NAEP doesn't report grade levels. It reports achievement levels, and these do not correspond to grade levels. Nor does he understand the NAEP achievement levels or just how demanding NAEP's "proficiency" level really is. To score below "proficient" on NAEP does NOT mean "below grade level."
NAEP has four achievement levels.
The top level is called "advanced," which represents the very highest level of student performance. Students who are "advanced" probably are at an A+; if they were taking an SAT, they would likely score somewhere akin to 750-800. These are the students who are likely to qualify for admission to our most selective universities.
Then comes "proficient," which represents solid academic performance, equivalent to an A or a very strong B. Guggenheim assumes that any student who is below "proficient" cannot read at "grade level." He is wrong.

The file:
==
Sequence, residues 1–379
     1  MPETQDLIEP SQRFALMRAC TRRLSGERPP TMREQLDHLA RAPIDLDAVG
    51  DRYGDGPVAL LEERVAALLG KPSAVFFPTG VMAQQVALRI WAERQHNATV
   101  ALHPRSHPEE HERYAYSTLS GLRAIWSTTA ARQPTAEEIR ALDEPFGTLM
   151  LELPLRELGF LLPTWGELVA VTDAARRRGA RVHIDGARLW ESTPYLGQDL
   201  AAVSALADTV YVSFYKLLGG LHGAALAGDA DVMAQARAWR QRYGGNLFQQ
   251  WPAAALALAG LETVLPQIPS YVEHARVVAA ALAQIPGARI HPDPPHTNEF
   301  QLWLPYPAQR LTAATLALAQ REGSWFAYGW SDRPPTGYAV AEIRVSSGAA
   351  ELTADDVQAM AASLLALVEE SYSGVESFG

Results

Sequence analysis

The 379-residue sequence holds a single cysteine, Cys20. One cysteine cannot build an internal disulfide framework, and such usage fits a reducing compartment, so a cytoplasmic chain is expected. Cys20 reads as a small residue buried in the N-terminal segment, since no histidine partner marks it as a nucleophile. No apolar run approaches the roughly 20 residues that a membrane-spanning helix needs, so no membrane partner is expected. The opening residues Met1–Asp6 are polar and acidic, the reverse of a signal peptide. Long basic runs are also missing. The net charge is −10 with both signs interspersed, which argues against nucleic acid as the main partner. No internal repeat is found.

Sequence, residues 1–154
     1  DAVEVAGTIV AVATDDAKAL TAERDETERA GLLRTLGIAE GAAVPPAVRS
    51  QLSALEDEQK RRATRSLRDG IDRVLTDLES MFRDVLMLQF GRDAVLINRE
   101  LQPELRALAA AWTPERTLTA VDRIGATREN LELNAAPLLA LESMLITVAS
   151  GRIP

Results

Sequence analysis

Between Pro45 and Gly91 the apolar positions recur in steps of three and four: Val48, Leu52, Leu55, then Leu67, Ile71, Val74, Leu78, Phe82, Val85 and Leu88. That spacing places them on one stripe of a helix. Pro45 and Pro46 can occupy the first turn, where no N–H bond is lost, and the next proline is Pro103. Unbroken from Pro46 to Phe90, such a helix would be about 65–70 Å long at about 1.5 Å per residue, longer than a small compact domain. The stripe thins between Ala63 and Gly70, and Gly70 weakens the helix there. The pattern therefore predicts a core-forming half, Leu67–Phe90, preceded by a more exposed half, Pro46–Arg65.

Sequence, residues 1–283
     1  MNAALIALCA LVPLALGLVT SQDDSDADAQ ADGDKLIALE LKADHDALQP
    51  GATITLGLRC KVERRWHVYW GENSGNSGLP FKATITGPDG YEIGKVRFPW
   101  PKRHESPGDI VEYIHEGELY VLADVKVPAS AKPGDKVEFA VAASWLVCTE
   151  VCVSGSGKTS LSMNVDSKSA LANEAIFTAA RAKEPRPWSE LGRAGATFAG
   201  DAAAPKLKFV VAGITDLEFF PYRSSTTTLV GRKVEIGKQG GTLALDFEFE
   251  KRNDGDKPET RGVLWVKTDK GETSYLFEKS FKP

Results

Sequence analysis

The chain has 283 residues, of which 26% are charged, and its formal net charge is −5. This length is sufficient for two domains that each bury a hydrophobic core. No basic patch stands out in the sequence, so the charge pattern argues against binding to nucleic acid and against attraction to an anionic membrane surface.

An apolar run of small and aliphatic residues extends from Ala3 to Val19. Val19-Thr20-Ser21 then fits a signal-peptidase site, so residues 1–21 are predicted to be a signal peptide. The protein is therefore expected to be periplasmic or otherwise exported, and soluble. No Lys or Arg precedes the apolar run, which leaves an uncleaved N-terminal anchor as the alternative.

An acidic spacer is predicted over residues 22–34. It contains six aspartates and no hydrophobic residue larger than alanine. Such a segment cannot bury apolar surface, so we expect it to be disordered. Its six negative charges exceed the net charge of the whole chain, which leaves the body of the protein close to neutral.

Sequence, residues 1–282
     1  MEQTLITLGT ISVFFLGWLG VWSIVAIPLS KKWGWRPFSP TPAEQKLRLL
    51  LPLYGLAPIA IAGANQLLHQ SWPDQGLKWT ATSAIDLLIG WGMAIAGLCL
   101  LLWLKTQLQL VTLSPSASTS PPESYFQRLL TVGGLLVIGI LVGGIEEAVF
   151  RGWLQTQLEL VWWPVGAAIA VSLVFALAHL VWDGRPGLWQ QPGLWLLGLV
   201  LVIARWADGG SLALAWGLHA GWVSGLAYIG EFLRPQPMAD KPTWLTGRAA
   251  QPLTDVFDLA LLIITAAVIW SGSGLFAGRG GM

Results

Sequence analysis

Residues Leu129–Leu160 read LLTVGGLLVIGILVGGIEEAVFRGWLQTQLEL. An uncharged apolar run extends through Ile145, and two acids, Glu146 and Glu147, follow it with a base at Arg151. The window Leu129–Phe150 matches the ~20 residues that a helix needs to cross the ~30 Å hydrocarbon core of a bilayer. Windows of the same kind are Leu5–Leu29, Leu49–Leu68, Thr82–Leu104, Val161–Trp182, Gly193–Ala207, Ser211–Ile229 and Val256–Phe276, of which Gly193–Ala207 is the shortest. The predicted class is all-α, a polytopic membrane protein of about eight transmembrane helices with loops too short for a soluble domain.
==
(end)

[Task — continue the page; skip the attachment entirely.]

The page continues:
The third level is "basic." These are students who have achieved partial mastery of the knowledge and skills necessary to be proficient. This would be equivalent, I believe, to a grade of C. Many (if not most) states use NAEP's "basic" as their own definition of "proficient." This is because they know that it is unrealistic to expect all students to be "A" students.
"Below basic" is the category that Guggenheim confused with "below grade level." In 8th grade reading, 25 percent of students are below basic, not 70 percent. If Guggenheim knew what he was talking about, he might have said that 70 percent of 8th grade students were unable to score the equivalent of an A, but that would not be an alarming figure. It would not be a very dramatic story had he said, in sonorous tones, "25 percent of our 8th grade students are 'below basic' in reading, and that figure includes students who are learning English and students with disabilities."